> bar URI
> changes from the NIR URI. And most html pages do not have links to  
> the NIR
> of the page you are on - I am even told that it is bad practice to  
> make the
> main label of the page a link to itself - wikipedia certainly doesn't,
> although it is available as the "article" tab, which is not the  
> normal thing
> of a page. SO in a world where wikipedia itself became LD, it would  
> not be
> clear to someone who wanted the NIR URI where to find it.
>
> So that is some of the context and motivation.
> If we were to decide to be more forgiving, what might be done?
> How about using 301?
> <<Ducks>>
> To save you looking it up, I have appended the RFC2616 section to this
> email.
> That is
> Accept: application/rdf+xml http://foo/bar.html
> Should 301 to http://foo/bar
> It seems to me that it is basically doing what is required - it  
> gives the
> client the expected access, while telling it (if it wants to hear)  
> that it
> should correct the mistake.
> One worry (as Danius Michaelides pointed out to me) is that the  
> caching may
> need careful consideration - should the response indicate that it is  
> not
> cacheable, or is that not necessary?
>
> So that's about it.
> I am unhappy that users doing the obvious thing might get frustrated  
> trying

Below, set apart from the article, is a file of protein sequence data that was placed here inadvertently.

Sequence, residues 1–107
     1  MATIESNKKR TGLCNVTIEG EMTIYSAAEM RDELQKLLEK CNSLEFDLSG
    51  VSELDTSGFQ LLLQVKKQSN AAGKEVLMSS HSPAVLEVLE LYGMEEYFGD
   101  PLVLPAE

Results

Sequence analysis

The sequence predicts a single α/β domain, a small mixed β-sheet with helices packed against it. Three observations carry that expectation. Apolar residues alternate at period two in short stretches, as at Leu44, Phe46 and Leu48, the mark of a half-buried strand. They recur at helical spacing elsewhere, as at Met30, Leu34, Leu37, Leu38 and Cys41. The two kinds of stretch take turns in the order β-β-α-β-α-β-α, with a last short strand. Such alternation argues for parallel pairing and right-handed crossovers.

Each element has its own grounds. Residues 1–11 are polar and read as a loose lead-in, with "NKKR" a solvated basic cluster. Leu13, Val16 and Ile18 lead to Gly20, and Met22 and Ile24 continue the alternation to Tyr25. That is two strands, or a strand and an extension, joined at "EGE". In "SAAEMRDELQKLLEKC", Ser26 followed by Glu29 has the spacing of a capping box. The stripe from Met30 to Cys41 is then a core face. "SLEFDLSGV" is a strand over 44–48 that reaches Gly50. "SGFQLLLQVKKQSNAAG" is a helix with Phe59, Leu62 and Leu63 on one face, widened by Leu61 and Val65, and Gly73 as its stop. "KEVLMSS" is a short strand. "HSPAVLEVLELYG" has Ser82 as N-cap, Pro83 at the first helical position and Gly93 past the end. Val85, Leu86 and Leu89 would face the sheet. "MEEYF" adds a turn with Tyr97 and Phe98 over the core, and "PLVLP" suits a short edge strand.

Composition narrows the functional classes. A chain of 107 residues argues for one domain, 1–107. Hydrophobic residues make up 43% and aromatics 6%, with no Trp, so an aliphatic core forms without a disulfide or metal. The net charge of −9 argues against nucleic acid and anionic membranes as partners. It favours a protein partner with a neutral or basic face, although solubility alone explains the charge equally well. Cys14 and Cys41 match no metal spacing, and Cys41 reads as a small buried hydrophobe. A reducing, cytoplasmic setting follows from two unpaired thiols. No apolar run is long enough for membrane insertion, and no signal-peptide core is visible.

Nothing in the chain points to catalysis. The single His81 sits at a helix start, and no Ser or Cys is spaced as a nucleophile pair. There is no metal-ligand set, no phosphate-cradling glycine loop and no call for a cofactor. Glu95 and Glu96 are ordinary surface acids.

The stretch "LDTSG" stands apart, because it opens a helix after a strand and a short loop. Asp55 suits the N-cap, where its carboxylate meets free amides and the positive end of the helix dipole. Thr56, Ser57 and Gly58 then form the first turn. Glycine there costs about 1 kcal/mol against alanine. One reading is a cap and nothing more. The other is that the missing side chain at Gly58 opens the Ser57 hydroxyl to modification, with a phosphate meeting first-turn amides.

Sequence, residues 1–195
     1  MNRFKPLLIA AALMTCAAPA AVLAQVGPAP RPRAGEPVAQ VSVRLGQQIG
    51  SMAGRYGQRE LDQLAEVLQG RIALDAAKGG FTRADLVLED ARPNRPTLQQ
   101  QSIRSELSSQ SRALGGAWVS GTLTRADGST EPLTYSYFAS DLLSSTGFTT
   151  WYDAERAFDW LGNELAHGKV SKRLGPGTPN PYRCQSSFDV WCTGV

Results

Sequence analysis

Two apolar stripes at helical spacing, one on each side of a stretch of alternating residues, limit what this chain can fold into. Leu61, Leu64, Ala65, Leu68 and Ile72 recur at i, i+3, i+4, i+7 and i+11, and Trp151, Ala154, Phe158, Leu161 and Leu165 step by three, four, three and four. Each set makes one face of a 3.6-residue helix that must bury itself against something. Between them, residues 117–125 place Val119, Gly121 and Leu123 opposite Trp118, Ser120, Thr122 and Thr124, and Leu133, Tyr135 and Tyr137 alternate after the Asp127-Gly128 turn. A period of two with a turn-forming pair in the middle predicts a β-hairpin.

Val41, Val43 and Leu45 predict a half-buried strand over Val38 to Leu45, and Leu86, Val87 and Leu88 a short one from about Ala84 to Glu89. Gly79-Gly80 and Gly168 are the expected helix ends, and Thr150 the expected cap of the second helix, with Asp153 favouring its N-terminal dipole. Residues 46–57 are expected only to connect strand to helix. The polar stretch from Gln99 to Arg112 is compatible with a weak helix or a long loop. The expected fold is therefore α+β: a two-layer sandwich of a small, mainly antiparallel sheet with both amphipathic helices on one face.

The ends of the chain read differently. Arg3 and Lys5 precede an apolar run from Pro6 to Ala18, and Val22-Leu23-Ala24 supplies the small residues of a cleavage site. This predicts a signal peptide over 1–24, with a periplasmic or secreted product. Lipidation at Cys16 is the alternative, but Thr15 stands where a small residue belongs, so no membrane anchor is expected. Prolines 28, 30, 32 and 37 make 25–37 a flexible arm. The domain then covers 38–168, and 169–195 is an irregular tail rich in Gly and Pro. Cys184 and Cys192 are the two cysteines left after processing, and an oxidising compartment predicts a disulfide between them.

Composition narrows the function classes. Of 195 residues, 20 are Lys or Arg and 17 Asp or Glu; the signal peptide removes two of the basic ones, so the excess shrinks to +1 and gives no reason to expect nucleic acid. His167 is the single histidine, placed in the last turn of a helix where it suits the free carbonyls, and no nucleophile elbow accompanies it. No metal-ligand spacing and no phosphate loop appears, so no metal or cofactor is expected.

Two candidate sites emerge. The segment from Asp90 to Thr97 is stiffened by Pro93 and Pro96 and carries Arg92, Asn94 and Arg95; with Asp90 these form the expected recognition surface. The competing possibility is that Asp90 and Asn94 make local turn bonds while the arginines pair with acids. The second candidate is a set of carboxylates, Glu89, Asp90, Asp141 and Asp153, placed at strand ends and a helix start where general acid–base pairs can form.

> to find the URIs for heir Things, so really want a solution that is  
> not just
> 406.
> Are there other ways of being nice to users, without putting a serious
> burden on the client software?
>
> I look forward to the usual helpful and thoughtful responses!
>
> By the way, I see no need to 301 to http:/foo/bar if you get a
> Accept: text/html http://foo/bar.rdf as the steps to that might lead  
> to this
> would require someone looking at an rdf document to decide to use it  
> as a
> NIR, which is much less likely. And the likelihood is that there is an
> eyeball there to see the problem.
> But maybe it should?
>
> Best
> Hugh
>
>
> 10.3.2 301 Moved Permanently
>
>   The requested resource has been assigned a new permanent URI and any
>   future references to this resource SHOULD use one of the returned
>   URIs.  Clients with link editing capabilities ought to automatically
>   re-link references to the Request-URI to one or more of the new
>   references returned by the server, where possible. This response is
>   cacheable unless indicated otherwise.
>
>   The new permanent URI SHOULD be given by the Location field in the
>   response. Unless the request method was HEAD, the entity of the
>   response SHOULD contain a short hypertext note with a hyperlink to
>   the new URI(s).
>
>   If the 301 status code is received in response to a request other
>   than GET or HEAD, the user agent MUST NOT automatically redirect the
>   request unless it can be confirmed by the user, since this might
>   change the conditions under which the request was issued.
>
>      Note: When automatically redirecting a POST request after
>      receiving a 301 status code, some existing HTTP/1.0 user agents
>      will erroneously change it into a GET request.
>
>
Received on Friday, 26 March 2010 13:23:28 UTC